Attorneys outline consequences if Newport-area schools default on loan obligations

Posted Jan. 29, 2013, at 10:44 p.m.
Last modified Jan. 30, 2013, at 7:19 a.m.

NEWPORT, Maine — Two attorneys laid out the dire consequences Tuesday night of what might be ahead for RSU 19 if the district is not able to obtain a $2.9 million loan.

Bill Stockmeyer and Dick Spencer, attorneys for Drummond Woodsum of Portland, advised RSU 19’s budget and finance committee of the district’s options if a $2.9 million stabilization loan is shot down by voters for a third time.

Because of serious errors in previous budgets — including the fact that member towns were not billed for their obligations to the school district — RSU 19 has a $3.6 million shortfall this school year. The district already has cut $1.6 million from the budget for this school year.

RSU 19 has a $1.5 million revenue anticipation note with Androscoggin Bank that has not been repaid. If that is not repaid by June 28, the bank likely would sue the school district, said Stockmeyer.

“They would need and expect to be paid in full on that date, unless there was a new consensual loan obligation with that bank or another bank to pay that off,” said Stockmeyer. However, any new loan would have to be approved by taxpayers, he added.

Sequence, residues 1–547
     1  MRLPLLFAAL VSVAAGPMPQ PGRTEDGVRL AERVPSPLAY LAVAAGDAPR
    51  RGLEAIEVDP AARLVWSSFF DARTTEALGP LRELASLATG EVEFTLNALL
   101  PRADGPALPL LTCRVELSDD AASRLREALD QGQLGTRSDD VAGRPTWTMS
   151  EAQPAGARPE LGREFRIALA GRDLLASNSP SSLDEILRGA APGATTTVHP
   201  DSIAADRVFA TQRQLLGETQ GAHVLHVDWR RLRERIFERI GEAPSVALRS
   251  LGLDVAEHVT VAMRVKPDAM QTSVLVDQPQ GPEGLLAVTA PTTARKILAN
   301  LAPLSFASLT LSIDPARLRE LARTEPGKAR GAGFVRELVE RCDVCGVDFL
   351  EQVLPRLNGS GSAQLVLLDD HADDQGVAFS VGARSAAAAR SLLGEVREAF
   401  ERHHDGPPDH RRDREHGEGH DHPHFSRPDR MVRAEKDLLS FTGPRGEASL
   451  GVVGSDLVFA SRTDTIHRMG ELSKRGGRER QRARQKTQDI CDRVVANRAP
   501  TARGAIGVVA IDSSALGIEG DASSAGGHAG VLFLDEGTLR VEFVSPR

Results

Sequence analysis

Spencer said there are some drastic measures that could be taken.

“According to the Maine statute, in the event of a default of a general obligation [loan], the lender to the district can actually get the sheriff to go out and seize property of the residents [until the loan is paid off],” Spencer told the budget and finance board. “That would be a terrible thing.”

“We shouldn’t get to that point,” said Spencer. “We need to persuade voters that this is very, very serious.”

Both attorneys also advised the district to seek out a legislative effort to amend what the emergency financial board could do. Right now, the emergency financial board can take over a municipality in the event of a bankruptcy. They advised the district to ask for it to be expanded to include school districts.

Stockmeyer and Spencer both recommended that RSU 19 attempt to bring a third stabilization loan to the voters of the eight member towns.

The loan amount was disputed among members of the budget and finance committee. Three figures — $1.5 million, $2.5 million and $2.9 million — will be recommended to the RSU 19 board of directors during Wednesday night’s meeting at 7 p.m. at the high school.

Superintendent Greg Potter proposed a timeline for what he called the third and final loan attempt. After Wednesday’s board meeting, the board will meet again on Feb. 12. On Feb. 25, the loan will be presented during a regional public meeting at the high school at 6 p.m. The loan would go to a referendum vote on March 7.

In the event the loan is shot down once again, Potter proposed an 18-day districtwide shutdown beginning on March 15 and lasting until April 15.

April vacation for students would be canceled and school would resume on April 16. The final day of school would be on July 3, barring any further snow days.

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